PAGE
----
History doesn’t tell us if Meek was familiar with the experimental music of Pierre Schaeffer or Pierre Henry when they composed for the RTF in France. The two French composers used ‘real-world’ sounds to make music, such as the sound of trains running along railroad tracks. Also, tape looping was used to create rhythmic and textural sounds that become part of the composition.
Similarly, Meek used sound effects in his music by taping the flushing of the toilet and then playing it backward. Schaeffer and Henry wanted to make severe high-end music using the Musique Concrete technique, but Meek was after a hit-record. Meek was like the missing link between these early experimenters and Brian Eno, who used some of the same procedures by treating instruments through his various tape recorders to create avant-garde pop and ambient music. Eno, Schaeffer, and Henry were dreamers and visionaries; Meek was a practical person who was limited by English society at the time, as well as closing himself off to the world, to concentrate on making hit tunes on his own terms.
I would argue that every Joe Meek production is, in a sense, a solo record. He, in fact, officially released a solo album in 1960, I Hear A New World: An Outer Space Music Fantasy, which was credited to Joe Meek & The Blue Men. Within the album’s 33 minutes of music, you can hear every one of Meek’s obsessions. At moments, the record sounds like a Pierre Schaeffer/Pierre Henry experiment, and even early ‘70s Pink Floyd, but Meek based his melodies on Country & Western as well as 1950s rock & roll to make this strange outer space music.
A contemporary listener may even hear traces of Brian Eno’s Another Green World, in that they share the same sense of adventure and technique in the studio. However, Meek did it in 1960; Eno’s album was released in 1975. Eno is unquestionably a better songwriter, but alas, that’s not the issue here. Ennio Morricone’s scores for various Italian horror films also reveal traces of the influence of Joe Meek.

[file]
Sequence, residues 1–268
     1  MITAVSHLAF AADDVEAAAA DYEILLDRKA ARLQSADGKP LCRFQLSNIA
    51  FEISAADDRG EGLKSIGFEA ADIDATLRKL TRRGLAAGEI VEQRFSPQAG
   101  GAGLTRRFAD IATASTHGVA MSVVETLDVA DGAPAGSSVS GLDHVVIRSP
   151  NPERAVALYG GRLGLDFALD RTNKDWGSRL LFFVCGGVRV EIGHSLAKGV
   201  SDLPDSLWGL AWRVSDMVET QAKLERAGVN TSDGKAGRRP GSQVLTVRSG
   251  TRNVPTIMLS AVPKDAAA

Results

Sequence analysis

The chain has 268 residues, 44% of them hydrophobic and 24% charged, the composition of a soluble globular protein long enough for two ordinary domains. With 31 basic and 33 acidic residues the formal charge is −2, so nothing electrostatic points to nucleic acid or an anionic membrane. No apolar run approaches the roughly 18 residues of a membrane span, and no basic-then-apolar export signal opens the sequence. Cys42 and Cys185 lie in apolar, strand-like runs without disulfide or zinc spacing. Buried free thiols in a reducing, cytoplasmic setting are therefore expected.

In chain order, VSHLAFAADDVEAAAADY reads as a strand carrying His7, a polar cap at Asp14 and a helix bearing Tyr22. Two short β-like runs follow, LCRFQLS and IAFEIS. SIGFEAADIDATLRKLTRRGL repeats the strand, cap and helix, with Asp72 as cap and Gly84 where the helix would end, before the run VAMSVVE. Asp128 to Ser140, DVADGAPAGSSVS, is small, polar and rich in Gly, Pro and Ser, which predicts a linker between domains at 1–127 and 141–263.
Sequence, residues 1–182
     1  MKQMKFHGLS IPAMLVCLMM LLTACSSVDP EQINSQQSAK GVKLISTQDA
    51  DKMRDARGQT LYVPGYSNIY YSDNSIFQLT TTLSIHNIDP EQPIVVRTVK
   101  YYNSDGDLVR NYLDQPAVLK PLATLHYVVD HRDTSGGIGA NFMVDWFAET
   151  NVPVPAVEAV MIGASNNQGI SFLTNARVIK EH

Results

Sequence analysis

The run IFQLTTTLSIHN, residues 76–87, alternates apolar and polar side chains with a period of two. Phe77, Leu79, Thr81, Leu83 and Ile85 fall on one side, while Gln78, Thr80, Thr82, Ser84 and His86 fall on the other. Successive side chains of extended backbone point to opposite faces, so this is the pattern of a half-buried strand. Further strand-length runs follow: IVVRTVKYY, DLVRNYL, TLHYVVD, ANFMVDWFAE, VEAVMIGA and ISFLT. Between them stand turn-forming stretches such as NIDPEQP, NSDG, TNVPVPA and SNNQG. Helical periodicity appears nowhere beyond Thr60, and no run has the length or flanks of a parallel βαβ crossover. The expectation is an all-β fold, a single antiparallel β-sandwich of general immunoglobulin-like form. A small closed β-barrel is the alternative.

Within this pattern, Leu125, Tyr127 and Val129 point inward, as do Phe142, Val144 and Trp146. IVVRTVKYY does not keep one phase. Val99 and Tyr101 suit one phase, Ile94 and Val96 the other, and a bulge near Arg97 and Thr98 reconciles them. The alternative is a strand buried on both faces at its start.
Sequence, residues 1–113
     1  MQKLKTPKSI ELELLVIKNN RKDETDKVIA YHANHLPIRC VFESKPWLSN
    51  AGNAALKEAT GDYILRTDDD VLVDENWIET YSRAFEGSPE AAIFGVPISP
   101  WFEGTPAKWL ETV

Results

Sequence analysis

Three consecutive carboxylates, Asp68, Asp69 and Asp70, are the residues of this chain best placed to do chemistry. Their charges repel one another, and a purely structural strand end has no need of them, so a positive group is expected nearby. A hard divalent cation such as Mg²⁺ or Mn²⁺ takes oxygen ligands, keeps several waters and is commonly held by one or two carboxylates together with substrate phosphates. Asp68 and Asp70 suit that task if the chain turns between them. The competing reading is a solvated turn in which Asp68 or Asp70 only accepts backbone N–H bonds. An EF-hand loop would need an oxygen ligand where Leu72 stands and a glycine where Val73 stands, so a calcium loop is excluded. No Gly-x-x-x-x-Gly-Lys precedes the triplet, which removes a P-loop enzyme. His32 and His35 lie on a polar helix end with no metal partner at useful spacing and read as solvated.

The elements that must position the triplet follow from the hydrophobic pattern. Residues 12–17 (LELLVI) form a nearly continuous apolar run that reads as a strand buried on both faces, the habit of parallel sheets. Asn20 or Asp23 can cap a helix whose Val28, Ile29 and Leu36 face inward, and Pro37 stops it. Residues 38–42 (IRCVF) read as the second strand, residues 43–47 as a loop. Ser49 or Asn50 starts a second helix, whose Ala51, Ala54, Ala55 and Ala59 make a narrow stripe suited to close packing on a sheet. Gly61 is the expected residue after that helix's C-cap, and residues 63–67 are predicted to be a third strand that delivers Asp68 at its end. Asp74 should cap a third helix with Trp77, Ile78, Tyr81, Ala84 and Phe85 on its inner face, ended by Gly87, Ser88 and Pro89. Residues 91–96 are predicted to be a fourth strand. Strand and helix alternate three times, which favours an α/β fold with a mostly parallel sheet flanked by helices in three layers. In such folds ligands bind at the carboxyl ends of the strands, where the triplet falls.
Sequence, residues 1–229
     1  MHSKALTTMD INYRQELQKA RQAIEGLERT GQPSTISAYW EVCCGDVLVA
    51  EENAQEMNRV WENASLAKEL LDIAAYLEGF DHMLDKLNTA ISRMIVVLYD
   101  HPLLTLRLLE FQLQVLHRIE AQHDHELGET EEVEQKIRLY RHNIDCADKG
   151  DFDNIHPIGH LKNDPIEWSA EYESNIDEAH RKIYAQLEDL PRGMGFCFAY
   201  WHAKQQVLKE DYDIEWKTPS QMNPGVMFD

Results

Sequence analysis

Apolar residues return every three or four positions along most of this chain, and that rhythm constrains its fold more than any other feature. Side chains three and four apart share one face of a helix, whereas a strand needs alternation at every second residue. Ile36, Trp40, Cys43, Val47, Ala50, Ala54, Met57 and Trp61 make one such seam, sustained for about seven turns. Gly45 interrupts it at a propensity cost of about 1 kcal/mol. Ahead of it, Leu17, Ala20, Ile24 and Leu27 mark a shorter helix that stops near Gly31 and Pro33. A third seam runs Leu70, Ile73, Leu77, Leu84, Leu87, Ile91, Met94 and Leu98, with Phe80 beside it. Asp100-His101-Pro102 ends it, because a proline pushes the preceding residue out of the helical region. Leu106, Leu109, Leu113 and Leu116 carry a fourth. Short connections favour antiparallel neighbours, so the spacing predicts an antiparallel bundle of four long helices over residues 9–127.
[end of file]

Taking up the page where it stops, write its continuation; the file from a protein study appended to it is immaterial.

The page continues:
There’s an interesting interview (on YouTube) with the session drummer Clem Cattini, who was a member of The Tornados. When he first heard “Telstar,” he thought it was a horrible song, and he still thinks it’s a bad tune, but with respect to Meek’s recording, he thought it was something special.
The beauty of Meek, or being a fan of his work, is not totally about music or even melodies, but more of the essence of the recorded sound and how he worked his magic and turned it into an art. He had to record the artist/band and to add his effects; he had to make another copy of the recording, which deletes the original sound a bit. To add the punch he once again had to transfer the recording tape back, to add percussion, hand claps and aural special effects. Les Paul may have invented the multi-tracking, but Meek as Les made it into a singular art form that is just as important as the voice, guitar, or any other instrument on a record. The sound of not catching a live feel, but something made in a laboratory.
As I praise Joe Meek’s music and records, one cannot or should not forget that he was also a murderer. Due largely to his untreated mental illness and acute paranoia, he shot and killed his landlady Violet Shenton, and then shot himself in the head with Heinz’s rifle. I have always felt that the blue plaque to honor Meek’s work at his home, should also mention Shenton. The dear woman had to have put up with a lot as Meek’s downstairs neighbor.
As I praise Joe Meek’s music and records, one cannot or should not forget that he was also a murderer.
Still, all things considered, Joe Meek was a pioneering sound artist. And his records, even though strange and exotic in a North London manner, were brilliant.
Tosh’s Top Ten Joe Meek Recordings:
“Have I The Right” – The Honeycombs
“Johnny Remember Me” – John Leyton
“Dumb Head” – The Sharades
“Telstar” – The Tornados
“Little Baby” – The Blue Rondos
“Jack The Ripper” – Screaming Lord Sutch
“I Hear a New World” (The whole album) – Joe Meek and the Blue Men
“I Lost My Heart at the Fairgrounds” – Glenda Collins
“Crawdaddy Simone” – The Syndicats
“Do You Come Here Often” – The Tornados